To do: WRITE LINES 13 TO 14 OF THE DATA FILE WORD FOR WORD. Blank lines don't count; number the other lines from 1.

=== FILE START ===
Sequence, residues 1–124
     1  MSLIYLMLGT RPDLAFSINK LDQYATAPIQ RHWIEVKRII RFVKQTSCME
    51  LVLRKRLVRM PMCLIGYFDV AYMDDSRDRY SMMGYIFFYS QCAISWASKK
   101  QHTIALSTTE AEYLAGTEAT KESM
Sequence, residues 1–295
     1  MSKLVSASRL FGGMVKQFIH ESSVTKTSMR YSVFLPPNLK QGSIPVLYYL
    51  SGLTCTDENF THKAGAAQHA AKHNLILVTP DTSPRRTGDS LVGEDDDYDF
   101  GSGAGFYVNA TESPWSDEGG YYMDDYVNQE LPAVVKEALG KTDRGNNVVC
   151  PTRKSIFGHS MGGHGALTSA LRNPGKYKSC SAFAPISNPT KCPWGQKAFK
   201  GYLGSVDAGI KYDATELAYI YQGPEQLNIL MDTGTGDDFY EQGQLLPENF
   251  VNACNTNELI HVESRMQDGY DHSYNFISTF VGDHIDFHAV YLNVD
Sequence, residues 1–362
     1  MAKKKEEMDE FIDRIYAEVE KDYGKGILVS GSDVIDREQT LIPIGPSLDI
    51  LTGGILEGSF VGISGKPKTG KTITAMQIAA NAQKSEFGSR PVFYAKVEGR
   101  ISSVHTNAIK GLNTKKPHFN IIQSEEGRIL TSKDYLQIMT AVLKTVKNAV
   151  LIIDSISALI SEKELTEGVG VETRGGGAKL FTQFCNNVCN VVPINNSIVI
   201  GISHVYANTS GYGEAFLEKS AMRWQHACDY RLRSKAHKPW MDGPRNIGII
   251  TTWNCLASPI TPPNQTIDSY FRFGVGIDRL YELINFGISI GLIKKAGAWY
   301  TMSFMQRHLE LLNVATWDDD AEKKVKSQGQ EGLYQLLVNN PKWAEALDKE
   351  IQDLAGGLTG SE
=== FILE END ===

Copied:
     1  MAKKKEEMDE FIDRIYAEVE KDYGKGILVS GSDVIDREQT LIPIGPSLDI
    51  LTGGILEGSF VGISGKPKTG KTITAMQIAA NAQKSEFGSR PVFYAKVEGR